Pretty much everyone has an opinion about millennial employees. Often labeled as “hard to manage”, “requiring non-stop validation” with an “inability to manage-up” , they are also praised for being innovative, well-connected and highly adaptable. Go figure. The biggest challenge for young graduates today? Getting beyond the mental road blocks so you can get the job you want.
Here are five career obstacles and how to overcome them.
“I Don’t Know Anyone in My Desired Industry or Company.”
Face time — not the app on your iPhone — but literally getting face time with someone who can help your career is essential to scoring a job you’ve set your sights on. The typical way of communicating via text, instant messaging apps and email may extend well with our posse of ride-or-dies, but doesn’t translate well when it comes to making genuine career connections. Reach out — not just on social media, but at networking events and in professional settings — and ask to meet in person for an informational interview. Meet for a quick coffee so you can explore what your connections do, how they do it day to day, what career advice they can offer you, as well as what their company’s hiring process is. Just get out there. It may be intimidating at first, but be curious. Explore people’s careers. It really DOES make a difference.
“I Don’t Have the Right Experience or Education.”
A linear climb up the corporate ladder isn’t how most careers play out anymore. Rapidly changing global and financial markets means we have to adapt and be nimble, more than any generation before. Employers rarely look just for an exact fit to their overwhelmingly long and (let’s face it!) overly-idealistic job descriptions. What they typically describe is their absolute ideal candidate. If you possess none of the skills, don’t have an inside connection, or haven’t sold your company to Google for millions of dollars, you’ll need to do some work to stand out against the other applicants. But don’t discount what you DO bring to the table. Highlight your core skills, complimentary experience, even if it’s from a different sector, and demonstrate self-sufficiency/work ethic/problem solving skills which are desirable to any employer.
“I Won’t Be a Fit with Their Culture?”
Wouldn’t it be great if we could match ourselves with potential employers via a Bumble and Tinder corporate equivalent, finding out if there’s a connection in advance of a long application and interview process? There is, it just requires more work than just swiping right — not much more though! Using social sites liked LinkedIn or Twitter to gain intel about a company can offer great insights to a potential employee (and great background for a job interview with them). Follow the key leadership profiles (CEO’s, CMO’s, CTO’s) which are usually public and you’ll have access to the posts or article shares that help give you a picture of their employees and corporate culture. Also check if you have any second degree connections who you could reach out to in order to better understand the company and their culture.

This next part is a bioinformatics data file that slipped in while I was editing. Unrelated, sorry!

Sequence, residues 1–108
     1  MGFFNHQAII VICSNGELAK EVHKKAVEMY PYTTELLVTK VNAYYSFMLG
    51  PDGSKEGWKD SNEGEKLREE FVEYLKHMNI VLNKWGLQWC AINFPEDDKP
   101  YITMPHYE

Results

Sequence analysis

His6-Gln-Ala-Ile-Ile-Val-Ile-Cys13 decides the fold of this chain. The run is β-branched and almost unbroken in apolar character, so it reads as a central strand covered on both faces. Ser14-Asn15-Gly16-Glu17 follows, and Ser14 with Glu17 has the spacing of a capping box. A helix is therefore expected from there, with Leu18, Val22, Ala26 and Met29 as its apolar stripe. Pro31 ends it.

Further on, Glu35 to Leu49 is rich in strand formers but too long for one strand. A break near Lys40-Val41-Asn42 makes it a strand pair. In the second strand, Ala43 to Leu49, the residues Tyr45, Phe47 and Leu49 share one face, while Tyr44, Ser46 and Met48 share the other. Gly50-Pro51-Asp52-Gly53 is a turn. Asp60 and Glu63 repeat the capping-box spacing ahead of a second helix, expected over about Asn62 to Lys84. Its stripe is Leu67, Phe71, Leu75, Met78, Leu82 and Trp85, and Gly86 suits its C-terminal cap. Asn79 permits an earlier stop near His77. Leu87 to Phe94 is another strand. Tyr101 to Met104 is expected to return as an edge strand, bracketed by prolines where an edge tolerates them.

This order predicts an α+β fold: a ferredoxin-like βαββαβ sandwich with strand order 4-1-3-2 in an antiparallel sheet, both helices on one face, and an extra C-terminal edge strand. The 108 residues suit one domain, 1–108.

“I’ll Get Stuck in a Dead-end Job.”
Millennials are not the first generation to have to recalibrate their career expectations coming out of college and university. It’s unlikely you’ll be instantly hired by a socially responsible, creative start up with great pay, an unlimited data plan, and dog-friendly communal offices. It’s more likely you will find a lower-paying, post-grad internship or mind-numbing corporate gig. And that can be okay.
The upside of having a regular paycheque (and benefits!) is job security while you educate yourself about future opportunities. You will also learn what you like doing and don’t like doing. Just ensure you do the right thing by your current employer (work hard, be focused, show up on time) but the saying is true; it is easier to find a new job when you have an existing one.
“My Resume Is Seriously Lacking.”
Have a blog? A LinkedIn account? Instagram? Online presence? Yes, employers look at your resume so make sure it’s perfectly proofed and spell checked with an articulate and well-rounded cover letter. That said, employers also do online sweeps to get a sense of what candidates are like. So remove anything that could hurt your employment chances, and instead promote things you are passionate about — causes, social issues, industry news – and if they just happen to line up with your employers’ interests, even better.
Interested in gaining work experience? Check out these opportunities!
Brush up on these Interview Questions and Wow your Future Employer
More from the Adulting – You Got This!:
This article is intended as general information only and is not to be relied upon as constituting legal, financial or other professional advice. A professional advisor should be consulted regarding your specific situation. Information presented is believed to be factual and up-to-date but we do not guarantee its accuracy and it should not be regarded as a complete analysis of the subjects discussed. All expressions of opinion reflect the judgment of the authors as of the date of publication and are subject to change. No endorsement of any third parties or their advice, opinions, information, products or services is expressly given or implied by Royal Bank of Canada or any of its affiliates.